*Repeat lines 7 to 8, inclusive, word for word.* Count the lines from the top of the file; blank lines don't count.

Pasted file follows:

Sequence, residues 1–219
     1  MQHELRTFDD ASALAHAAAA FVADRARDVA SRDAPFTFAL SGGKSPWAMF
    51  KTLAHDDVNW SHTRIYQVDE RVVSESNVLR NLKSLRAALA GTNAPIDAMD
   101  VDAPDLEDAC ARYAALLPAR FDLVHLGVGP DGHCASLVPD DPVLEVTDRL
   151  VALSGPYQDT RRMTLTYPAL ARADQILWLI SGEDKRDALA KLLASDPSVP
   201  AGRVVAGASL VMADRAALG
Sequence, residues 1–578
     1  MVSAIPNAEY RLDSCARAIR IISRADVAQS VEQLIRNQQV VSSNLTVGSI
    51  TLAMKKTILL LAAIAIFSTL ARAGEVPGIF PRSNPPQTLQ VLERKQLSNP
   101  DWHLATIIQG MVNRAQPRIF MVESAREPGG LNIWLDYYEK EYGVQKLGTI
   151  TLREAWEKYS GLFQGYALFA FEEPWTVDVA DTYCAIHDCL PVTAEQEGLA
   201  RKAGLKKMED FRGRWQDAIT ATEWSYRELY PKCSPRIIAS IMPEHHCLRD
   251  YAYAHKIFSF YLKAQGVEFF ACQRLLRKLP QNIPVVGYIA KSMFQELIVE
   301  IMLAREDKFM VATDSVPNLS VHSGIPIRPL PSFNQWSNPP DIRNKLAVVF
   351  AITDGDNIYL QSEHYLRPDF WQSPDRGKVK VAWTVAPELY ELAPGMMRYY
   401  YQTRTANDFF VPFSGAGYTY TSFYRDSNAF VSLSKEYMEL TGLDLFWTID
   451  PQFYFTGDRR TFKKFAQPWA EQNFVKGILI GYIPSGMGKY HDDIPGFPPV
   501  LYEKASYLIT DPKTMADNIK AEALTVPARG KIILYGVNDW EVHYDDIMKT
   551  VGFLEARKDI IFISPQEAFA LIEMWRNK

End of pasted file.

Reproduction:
Sequence, residues 1–578
     1  MVSAIPNAEY RLDSCARAIR IISRADVAQS VEQLIRNQQV VSSNLTVGSI